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Ask Dr. C: Trash ’em or Take ’em? Revisiting New Years Resolutions at Year’s End

end the year strong


Dear Dr. C:

Q:  The end of the year is fast approaching and my New Years Resolutions are out the window.  Do I just start again in January or can I salvage something this year?

A:  It is going by quickly, isn’t it?  Try the following ideas that work for me!

1. Decide which goals are worth resurrecting to finish this year strong.
We can start off the year valiantly, with many good intentions and many hopes for the new year, and quickly fall short. But don’t get discouraged if some of those goals didn’t last. Goal-setting is a marathon, not a sprint. And sometimes, for legitimate reasons, we can’t or don’t last the long-haul. Life happens, circumstances change, some goals emerge as more important than others, or we just lose steam.
So, take a moment and re-asses which goals from your list are actually do-able, and worthy of resurrection, and which need to go the way of the dino. Choose one or two that you can focus on to end the year strong.

2. For those goals that you fell short, let yourself off the hook.
Yes, you had grandiose plans back in January, but it is now October. Realize it is OK to let some of it go. You are human. If you have regrets and/or grudges against yourself that you carry into the New Year, next year will just be a repeat of this year. We are our own worst critic. Real, lasting change cannot happen in an environment of criticism- especially self-criticism. So, you failed? SO WHAT? See our “quote wall” quote from last week. Forgive yourself, so you can begin to get motivated about the future. You can always try again.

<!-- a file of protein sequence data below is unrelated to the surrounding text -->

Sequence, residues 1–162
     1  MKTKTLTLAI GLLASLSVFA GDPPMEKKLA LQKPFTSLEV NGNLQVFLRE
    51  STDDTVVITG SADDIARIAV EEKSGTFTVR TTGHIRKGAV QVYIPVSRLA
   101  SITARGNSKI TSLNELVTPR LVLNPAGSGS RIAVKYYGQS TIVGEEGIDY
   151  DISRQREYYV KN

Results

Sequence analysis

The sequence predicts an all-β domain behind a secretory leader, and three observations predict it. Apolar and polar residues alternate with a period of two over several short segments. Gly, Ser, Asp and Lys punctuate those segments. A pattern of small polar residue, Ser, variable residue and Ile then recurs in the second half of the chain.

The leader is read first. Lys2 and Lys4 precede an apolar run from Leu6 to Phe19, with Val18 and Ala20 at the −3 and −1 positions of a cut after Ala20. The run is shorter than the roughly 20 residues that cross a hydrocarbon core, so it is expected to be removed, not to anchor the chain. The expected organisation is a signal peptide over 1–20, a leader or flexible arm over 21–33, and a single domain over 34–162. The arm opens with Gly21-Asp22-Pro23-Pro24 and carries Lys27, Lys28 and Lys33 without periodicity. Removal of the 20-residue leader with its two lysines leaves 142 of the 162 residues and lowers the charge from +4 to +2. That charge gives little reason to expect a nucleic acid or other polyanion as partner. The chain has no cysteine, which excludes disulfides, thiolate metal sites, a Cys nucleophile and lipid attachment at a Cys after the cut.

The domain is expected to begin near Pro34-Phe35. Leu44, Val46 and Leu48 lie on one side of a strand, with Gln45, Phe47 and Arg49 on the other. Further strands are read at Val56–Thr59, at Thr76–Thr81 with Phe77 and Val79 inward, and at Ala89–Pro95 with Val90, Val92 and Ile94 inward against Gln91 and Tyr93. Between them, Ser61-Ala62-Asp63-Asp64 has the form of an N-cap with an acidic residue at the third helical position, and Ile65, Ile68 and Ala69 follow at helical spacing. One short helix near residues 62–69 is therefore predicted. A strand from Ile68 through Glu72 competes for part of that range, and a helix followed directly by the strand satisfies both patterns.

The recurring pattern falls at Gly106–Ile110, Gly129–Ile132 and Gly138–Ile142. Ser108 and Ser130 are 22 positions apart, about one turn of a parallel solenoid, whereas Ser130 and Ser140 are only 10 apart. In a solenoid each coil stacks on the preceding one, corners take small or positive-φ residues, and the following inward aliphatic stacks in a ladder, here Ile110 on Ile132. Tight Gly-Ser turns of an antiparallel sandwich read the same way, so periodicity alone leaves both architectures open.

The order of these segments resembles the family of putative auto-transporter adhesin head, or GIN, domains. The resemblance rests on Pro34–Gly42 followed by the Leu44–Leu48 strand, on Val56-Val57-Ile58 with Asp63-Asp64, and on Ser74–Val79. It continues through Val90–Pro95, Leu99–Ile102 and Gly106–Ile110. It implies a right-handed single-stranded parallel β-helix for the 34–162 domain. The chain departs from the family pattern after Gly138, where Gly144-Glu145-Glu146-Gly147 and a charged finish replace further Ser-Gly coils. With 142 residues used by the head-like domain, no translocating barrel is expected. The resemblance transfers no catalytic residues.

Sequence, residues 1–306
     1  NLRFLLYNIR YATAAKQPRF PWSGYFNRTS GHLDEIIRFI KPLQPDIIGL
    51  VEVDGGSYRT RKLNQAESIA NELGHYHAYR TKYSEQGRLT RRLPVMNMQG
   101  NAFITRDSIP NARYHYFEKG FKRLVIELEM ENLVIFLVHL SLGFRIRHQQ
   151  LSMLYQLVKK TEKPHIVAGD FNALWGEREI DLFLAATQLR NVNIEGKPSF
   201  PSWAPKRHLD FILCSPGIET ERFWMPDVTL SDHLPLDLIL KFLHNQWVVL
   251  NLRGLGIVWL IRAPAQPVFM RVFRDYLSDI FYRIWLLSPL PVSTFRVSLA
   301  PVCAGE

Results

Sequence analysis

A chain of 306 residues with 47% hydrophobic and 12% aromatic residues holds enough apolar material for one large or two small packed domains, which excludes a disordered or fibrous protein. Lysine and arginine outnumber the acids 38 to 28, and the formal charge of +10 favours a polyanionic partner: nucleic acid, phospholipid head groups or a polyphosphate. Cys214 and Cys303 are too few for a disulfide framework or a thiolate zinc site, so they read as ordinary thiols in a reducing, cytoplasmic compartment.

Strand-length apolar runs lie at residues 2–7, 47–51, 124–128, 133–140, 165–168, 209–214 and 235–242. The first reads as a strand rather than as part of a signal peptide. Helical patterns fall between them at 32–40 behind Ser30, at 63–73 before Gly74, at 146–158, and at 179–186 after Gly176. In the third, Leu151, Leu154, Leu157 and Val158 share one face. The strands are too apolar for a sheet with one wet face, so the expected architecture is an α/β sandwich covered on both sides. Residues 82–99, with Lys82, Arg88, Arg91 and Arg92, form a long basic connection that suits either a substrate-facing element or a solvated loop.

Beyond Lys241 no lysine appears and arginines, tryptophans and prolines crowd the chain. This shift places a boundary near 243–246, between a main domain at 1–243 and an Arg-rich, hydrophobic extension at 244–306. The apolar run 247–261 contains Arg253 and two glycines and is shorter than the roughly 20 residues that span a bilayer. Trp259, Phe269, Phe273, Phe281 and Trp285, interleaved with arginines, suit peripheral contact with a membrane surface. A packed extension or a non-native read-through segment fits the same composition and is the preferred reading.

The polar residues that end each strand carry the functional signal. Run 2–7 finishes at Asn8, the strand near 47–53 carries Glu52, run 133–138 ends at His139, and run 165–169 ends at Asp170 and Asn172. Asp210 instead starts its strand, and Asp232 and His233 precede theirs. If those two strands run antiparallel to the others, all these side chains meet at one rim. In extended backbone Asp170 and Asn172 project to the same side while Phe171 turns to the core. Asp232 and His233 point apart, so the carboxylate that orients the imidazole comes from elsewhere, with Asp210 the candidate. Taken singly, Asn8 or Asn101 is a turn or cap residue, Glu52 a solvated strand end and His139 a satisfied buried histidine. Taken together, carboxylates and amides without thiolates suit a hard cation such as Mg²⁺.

It is never too late.  Today is a great day for a new start.

3. Remind yourself that each day you need to make choices to support that goal.
Talent alone will not get you to those goals. Today, strive to make a right choice toward your goal. Ask yourself, “What is ONE small thing I can do today?” And then do it. Big victories are really just the sum of many everyday small decisions/actions.
I love what Sharon Wood, the first North American woman to climb Mt. Everest said. “I discovered it was not a matter of physical strength, but a matter of psychological strength. The conquest lay within my own mind to penetrate those barriers of self-imposed limitations and get through to that good stuff- that stuff called potential.”

4. Finish your goals this year with a friend that wants to work on her goals, too.  
You can keep each other company when you’re tempted to fizzle out. Give each other challenges to see who can do more by the end of the year, or at least just “check in” with each other periodically.

See how much you can accomplish in a short amount of time. Having someone who is in it with you, can sometimes be just the encouragement you need to keep going. You’re not alone in this.

– Crystal